Birth of the Word in the Soul Part 1

During this Christmas week I want to post an article I have previously written. It is a commentary on the Infancy Narrative in Luke’s Gospel. You will find in the following series of postings of this article many of the themes that appear in this blog, connected as they are to St. Paul’s invocation of the hidden-self, the Christ-self. I hope you enjoy it. Happy Holidays.

© 2014 Cathie Horrell. All Rights Reserved.

     night sky I will speak to you in poetry,

to unfold the mysteries of the past.

what we have heard and know,

what our ancestors have told us.

We shall not conceal

from their descendants, but

will tell to a generation still to come.

                                                                                                                                      Psalm 78: 2-4

And this will be a sign for you; You will find a babe wrapped in swaddling cloths and lying in a manger.                                                                                                                    Luke 2:12

At the heart of Luke’s infancy narrative, surrounded by songs of praise and joy, the hope of Israel is found lying in a manger. When the infant Jesus comes into the world he is set in the only place his mother has to lay him in their stable sanctuary, a wood-hewn trough. This trough, where animals have feed, becomes a manger, a sign for the shepherds who go in search of him. It is to this sign of the manger that we too, more shepherd than scholar, might look as we search for him as well.

Luke’s infancy narrative is a wonderful mix of people and emotions. There is belief and disbelief, surprise and bewilderment, questioning and assent, blindness and recognition, silence and song. Through the chorus and cacophony, two children come, one a prophet, wild and free, who will splash in the waters of the Jordan River, turning the hearts and sights of the people to the other. There the other will come, confident, striding across the rocky landscape of Judea, intent on his destination, carrying with him the hopes of his people, bound at birth to free them in his one great act of dedication, living his life.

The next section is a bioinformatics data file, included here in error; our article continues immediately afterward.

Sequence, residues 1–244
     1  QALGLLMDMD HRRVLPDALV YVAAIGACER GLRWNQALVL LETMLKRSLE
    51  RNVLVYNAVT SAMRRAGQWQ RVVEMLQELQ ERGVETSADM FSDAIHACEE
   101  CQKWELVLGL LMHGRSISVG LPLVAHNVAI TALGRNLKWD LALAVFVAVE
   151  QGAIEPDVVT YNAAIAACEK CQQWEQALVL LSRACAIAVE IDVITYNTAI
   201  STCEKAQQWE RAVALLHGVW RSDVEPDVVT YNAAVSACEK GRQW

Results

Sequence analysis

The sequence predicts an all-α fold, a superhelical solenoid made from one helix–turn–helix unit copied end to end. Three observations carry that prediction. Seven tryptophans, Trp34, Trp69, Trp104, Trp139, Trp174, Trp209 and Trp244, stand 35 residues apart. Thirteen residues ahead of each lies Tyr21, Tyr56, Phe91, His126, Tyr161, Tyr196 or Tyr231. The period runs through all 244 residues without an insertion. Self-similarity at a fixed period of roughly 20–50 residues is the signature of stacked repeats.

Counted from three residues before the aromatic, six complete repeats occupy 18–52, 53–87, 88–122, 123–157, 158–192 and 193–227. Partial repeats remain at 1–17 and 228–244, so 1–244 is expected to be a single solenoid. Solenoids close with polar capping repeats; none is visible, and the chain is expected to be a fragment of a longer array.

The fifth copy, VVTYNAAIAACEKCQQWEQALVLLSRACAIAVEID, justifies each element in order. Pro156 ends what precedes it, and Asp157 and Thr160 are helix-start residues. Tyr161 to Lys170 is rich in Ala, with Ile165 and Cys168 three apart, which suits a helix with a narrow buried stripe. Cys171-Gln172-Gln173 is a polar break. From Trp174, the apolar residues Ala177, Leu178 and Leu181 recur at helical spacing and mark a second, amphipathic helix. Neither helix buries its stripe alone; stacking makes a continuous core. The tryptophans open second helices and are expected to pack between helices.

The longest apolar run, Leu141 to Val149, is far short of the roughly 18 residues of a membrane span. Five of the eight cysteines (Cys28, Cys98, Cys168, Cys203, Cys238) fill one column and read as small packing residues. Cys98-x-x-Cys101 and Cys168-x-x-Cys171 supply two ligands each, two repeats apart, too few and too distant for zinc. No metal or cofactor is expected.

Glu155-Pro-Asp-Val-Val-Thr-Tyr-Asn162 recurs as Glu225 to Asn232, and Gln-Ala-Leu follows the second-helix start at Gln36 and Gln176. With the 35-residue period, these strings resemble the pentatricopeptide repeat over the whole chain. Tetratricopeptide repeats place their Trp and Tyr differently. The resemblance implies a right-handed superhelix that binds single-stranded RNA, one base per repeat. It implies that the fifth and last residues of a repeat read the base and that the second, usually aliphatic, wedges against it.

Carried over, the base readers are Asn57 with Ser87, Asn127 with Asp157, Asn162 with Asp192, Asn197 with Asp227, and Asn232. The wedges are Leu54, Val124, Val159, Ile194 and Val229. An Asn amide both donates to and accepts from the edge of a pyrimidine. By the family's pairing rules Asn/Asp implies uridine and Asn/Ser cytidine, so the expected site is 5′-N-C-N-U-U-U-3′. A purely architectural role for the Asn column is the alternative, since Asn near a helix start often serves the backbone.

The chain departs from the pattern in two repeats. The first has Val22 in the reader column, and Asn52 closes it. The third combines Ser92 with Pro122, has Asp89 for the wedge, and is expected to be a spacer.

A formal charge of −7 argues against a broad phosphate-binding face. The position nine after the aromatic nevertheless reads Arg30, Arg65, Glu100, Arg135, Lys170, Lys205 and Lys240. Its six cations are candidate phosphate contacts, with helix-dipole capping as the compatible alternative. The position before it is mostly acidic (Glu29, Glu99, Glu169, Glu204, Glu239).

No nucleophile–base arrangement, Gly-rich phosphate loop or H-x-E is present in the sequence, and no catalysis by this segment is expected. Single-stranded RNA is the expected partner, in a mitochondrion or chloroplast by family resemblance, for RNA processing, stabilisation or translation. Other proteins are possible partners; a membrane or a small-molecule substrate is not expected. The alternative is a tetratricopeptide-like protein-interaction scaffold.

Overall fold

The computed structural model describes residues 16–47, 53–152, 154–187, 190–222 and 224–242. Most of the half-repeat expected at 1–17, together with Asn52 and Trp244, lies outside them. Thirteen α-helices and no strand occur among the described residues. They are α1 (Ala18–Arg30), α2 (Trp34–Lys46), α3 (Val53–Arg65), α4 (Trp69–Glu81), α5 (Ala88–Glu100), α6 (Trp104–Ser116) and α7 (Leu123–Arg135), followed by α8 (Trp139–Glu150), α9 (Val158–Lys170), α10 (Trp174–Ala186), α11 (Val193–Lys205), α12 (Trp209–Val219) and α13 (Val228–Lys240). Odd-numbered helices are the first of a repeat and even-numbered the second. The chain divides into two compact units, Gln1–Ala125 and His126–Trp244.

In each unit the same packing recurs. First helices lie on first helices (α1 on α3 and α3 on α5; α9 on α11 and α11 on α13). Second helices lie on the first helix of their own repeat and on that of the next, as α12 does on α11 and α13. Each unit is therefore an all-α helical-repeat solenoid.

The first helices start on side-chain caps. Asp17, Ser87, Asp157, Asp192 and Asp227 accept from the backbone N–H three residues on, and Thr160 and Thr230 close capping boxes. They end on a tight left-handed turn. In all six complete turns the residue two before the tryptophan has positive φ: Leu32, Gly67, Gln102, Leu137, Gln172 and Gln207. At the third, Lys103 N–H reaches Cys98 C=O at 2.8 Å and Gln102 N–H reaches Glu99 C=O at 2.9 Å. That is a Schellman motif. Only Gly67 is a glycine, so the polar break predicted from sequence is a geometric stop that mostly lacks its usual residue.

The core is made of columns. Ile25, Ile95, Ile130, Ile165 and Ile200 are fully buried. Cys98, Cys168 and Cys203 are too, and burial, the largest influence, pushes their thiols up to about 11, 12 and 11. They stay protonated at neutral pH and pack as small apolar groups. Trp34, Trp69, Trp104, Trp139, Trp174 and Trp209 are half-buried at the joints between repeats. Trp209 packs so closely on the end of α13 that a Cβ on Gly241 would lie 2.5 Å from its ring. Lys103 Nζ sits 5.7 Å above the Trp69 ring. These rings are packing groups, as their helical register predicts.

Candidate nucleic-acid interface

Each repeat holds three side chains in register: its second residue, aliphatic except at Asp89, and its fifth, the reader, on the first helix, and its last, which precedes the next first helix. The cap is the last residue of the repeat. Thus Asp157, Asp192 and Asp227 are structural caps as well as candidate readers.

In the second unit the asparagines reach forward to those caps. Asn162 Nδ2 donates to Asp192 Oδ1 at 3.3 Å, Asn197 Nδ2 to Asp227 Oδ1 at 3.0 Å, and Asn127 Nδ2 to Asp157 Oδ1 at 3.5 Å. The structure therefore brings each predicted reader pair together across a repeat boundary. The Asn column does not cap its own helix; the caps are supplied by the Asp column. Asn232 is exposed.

With poetry, puzzlement and wonder, Luke crafts his narrative to give us the story of Jesus’ coming. It is a story that turns on prophecy and praise, promise and fulfillment. It is the story of Yahweh. Yahweh, the gypsy-god who journeyed with the Israelites, pitching his tent among them as he led them through the wilderness. It is the story of the transformation of a nation. It is the story of the transformation of their God. Their God is the Lord God of Israel as both author and protagonist, who reveals himself through his Spirit in the births of John the Baptizer and Yeshua of Nazareth to bring new life to Israel, calling the people back to him. In the events surrounding Jesus’ coming, the tent-dwelling Yahweh breaks through the laws of nature in order to take his future forward once more.

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